I also see that the purveyors of such addictive materials have addictions as well: Greed mostly. We could talk on end about the whole subject. Phyllis and Fred are addicted to crepes; Ralph loves too much pumpkin pie, they are getting obese and having multiple dysfunctional reactions, weak ankles included. Ted likes too much golf and is running around claiming he's actually Arnold Palmer's twin... Okay is there a dividing line somewhere? When someone dies in front of their screen of dehydration and starvation? When Poe drank himself to death, when the prohibitionists smacked husbands over their besotted heads because they themselves were addicted to rolling pins as bludgeoning weapons? I really have to make light of such intertwined postulations--such as CA Smith does here: http://www.eldritchdark.com/writings/short-stories/88/the-great-god-awto --or else I'd shed a tear and worry for becoming addicted to crying... :(

Anonymous said...

Everyone has a vice. And because we have them, someone will provide them. Games, beers, eats, etc. I'm in no way defending these companies, I'm just saying that no one's forcing these gamers, eaters, drinkers, etc. to do what they do. We've now known for years that yes, smoking can lead to all sorts of nasty problems. But people still continue to start.

And what about the fella who killed himself over Everquest? Or at least that's what the claim was. That was a big thing throughout high schools and colleges. I even wrote a paper in college about the effects of cross-gender gaming, with references to the EQ incident.

So, I would put the blame totally on the gamer who's addicted and won't stop playing.

redbeard said...

There are such things as addictive processes that are just as controlling as physical addictions. This is widely accepted in the medical and psychiatric community.

From personal experience, I think that the games are designed to take advantage of process addictions. You don't hear of people being addicted to Quake or Counterstrike in the same fashion that you do for WoW and Everquest. The MMORPG process involves repetitive actions that give micro-rewards leading to greater rewards. Think of the caged rat that will continue to hit the lever that releases cocaine instead of the levers for food or water and you will have an idea of how this works. For an addict, watching your 'xp' bar go up releases a bit of endorphin in your brain.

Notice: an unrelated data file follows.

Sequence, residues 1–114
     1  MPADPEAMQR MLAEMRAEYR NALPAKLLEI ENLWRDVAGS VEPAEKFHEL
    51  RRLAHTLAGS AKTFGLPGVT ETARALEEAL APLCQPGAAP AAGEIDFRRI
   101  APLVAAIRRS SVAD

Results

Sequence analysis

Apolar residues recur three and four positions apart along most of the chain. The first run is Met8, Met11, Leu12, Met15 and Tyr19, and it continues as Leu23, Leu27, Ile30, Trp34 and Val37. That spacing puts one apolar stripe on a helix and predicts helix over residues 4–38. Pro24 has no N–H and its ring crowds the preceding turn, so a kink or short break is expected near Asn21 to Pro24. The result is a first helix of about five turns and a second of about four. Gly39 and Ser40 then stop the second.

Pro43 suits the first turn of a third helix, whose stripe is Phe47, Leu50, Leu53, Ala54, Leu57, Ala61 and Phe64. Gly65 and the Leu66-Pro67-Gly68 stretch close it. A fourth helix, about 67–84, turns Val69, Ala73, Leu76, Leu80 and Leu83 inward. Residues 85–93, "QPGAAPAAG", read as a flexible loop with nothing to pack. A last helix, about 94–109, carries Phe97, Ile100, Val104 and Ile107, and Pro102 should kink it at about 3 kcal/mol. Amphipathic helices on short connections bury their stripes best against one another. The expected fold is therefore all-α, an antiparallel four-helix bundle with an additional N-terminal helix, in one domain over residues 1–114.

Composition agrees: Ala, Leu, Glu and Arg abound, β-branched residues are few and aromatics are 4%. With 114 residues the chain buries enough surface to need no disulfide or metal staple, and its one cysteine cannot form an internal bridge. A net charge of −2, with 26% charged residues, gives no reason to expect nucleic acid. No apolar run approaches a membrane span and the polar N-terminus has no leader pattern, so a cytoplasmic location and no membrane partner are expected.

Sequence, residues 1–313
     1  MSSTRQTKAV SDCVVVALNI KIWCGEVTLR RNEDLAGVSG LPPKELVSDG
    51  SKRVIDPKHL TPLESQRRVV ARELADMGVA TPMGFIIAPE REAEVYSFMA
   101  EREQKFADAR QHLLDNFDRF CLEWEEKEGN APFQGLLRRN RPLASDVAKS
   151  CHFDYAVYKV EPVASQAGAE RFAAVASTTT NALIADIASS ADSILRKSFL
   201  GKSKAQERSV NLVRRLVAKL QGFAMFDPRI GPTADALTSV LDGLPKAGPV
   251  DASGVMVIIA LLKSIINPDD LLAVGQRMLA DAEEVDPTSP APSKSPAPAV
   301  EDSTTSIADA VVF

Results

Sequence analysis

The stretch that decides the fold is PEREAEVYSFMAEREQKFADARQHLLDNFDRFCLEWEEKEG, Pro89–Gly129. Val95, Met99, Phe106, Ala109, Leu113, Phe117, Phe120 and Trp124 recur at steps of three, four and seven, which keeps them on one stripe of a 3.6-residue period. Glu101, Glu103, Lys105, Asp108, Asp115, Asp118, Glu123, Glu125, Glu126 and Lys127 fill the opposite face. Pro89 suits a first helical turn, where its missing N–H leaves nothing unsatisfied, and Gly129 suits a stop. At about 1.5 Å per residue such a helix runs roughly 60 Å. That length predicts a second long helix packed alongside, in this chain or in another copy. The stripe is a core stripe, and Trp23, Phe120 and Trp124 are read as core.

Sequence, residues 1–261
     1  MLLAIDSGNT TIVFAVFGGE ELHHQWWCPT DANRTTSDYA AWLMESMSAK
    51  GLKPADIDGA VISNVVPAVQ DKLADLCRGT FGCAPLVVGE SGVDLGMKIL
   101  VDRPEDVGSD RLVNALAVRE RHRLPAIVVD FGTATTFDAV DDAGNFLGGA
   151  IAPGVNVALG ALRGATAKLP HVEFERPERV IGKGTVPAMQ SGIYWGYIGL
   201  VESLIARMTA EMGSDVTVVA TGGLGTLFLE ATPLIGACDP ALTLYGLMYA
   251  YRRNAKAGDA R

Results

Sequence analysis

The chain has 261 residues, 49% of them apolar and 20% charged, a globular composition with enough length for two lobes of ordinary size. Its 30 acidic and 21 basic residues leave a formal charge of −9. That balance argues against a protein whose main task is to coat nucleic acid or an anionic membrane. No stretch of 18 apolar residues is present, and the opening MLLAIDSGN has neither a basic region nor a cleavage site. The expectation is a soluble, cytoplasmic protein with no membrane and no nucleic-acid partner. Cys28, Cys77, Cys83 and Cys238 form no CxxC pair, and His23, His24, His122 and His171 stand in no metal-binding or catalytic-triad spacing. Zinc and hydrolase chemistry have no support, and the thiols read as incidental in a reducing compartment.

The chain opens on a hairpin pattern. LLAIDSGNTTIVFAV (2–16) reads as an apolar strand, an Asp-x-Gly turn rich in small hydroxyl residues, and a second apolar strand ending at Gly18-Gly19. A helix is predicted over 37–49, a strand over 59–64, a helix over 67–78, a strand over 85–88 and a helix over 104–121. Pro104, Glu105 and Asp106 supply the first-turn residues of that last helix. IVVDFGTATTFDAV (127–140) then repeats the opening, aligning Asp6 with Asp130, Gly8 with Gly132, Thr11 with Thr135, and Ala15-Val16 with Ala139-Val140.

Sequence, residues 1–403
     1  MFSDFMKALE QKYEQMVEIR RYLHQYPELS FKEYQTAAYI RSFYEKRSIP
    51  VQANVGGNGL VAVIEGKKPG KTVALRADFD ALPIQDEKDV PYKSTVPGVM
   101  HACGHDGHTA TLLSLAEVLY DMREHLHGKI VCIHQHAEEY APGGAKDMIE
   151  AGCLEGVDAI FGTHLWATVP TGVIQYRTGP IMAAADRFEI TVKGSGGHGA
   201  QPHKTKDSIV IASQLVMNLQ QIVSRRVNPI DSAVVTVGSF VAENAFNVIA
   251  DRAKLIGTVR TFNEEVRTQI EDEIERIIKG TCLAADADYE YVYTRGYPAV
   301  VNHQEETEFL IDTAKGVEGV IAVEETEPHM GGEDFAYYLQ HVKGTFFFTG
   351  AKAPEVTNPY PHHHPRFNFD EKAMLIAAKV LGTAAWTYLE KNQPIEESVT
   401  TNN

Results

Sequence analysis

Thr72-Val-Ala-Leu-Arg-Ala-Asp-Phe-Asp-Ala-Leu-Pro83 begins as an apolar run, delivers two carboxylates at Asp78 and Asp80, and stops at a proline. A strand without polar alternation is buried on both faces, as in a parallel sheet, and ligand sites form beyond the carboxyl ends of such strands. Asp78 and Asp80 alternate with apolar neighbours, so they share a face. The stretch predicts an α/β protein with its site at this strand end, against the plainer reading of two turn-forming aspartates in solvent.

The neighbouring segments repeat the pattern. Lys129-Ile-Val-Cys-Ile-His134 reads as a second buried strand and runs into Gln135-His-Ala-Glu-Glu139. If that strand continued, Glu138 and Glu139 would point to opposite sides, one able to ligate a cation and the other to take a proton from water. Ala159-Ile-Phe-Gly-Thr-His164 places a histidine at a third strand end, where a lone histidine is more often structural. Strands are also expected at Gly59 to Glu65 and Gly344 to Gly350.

That said, not everyone is affected in the same way by these games. Different individuals have different endorphin receptors in their brains and or they have previous mental/emotional problems that make them vulnerable. But it is not simply a matter of 'choosing to destroy your life'.

I don't want to oversell the lack of control one has over an addiction. But unless one has fought such a compunction, you really don't know what an addict goes through.

Malcadon said...

I'm not all that surprised. Their is a reason fans call these games "time sink", "EverCrack", or "World of Warcrack!"

I could never figure out how folks get so addicted to these games? I remember playing home console "RPGs" years ago (Final Fantasy, Breath of Fire, and such), and after a while they get really, really boring! All you do is run around, killing vermin after vermin for the sake of a few EXP and to save up enough pocket change to save up for that next-best sword, to replace that sword you spent a month saving up for! It ever $#@&ing ends!!! For a game, that is a lot of work. If I wanted to spend my free time "grinding," I would get a second job - at least I would be payed to do so!

To be fair, I have met a gamer or two with an addiction to D&D. If they had it their way, they would game until they drop! As nice as table-top RPGs are, I find the game more enjoyable when the GM has time to write up a good adventure, and for the players to take in the last game, while waiting with anticipation for the next. I guess its something lost on most people these days - all the best things in life, are worth waiting for.

Rob Kuntz said...

@Malcodon. Fine words. Quality over quantity is a good path.